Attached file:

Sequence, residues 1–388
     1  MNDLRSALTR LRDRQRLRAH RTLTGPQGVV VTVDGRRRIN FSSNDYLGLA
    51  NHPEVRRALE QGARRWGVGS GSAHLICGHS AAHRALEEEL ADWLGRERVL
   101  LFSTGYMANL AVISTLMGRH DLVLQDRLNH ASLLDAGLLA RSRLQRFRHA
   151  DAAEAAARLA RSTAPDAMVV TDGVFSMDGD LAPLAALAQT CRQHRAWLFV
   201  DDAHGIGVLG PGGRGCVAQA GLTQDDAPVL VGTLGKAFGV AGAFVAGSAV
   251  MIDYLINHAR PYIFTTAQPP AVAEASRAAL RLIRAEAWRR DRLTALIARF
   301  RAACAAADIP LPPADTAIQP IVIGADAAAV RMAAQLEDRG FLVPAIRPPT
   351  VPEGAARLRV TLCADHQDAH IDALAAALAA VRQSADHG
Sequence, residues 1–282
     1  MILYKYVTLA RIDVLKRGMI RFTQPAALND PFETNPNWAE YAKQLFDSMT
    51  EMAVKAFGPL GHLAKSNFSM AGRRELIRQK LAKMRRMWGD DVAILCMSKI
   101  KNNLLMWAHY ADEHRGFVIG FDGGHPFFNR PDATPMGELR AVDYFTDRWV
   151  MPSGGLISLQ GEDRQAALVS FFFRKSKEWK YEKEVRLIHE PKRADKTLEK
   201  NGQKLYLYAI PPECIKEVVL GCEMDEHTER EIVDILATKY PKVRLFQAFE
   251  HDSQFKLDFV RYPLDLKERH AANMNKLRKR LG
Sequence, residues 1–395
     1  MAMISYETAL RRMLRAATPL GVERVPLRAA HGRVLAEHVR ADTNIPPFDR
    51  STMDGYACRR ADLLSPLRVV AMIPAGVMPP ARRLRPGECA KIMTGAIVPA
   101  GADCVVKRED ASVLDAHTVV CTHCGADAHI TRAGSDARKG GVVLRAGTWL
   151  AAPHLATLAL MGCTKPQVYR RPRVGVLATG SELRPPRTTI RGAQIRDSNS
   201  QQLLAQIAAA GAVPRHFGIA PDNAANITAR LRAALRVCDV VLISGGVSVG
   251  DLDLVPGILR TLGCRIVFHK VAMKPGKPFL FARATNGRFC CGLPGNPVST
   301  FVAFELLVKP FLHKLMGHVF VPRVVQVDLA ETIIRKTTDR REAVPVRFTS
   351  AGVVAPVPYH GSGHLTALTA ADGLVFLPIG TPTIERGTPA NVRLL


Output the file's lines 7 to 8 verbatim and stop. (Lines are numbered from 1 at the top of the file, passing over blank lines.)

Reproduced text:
   251  MIDYLINHAR PYIFTTAQPP AVAEASRAAL RLIRAEAWRR DRLTALIARF
   301  RAACAAADIP LPPADTAIQP IVIGADAAAV RMAAQLEDRG FLVPAIRPPT